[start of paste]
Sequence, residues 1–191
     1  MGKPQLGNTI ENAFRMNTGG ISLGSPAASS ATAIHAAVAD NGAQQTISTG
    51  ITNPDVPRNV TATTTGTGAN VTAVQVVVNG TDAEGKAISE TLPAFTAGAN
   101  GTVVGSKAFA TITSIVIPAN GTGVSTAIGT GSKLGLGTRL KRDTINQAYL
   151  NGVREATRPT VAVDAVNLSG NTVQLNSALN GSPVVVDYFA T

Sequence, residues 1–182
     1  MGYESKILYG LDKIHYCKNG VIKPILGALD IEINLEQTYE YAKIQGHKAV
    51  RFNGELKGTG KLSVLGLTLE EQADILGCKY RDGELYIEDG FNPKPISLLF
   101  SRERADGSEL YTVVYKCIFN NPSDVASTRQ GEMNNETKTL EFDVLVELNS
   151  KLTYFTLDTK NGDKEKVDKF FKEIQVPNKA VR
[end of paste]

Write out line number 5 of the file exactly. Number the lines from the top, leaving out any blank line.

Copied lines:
   151  NGVREATRPT VAVDAVNLSG NTVQLNSALN GSPVVVDYFA T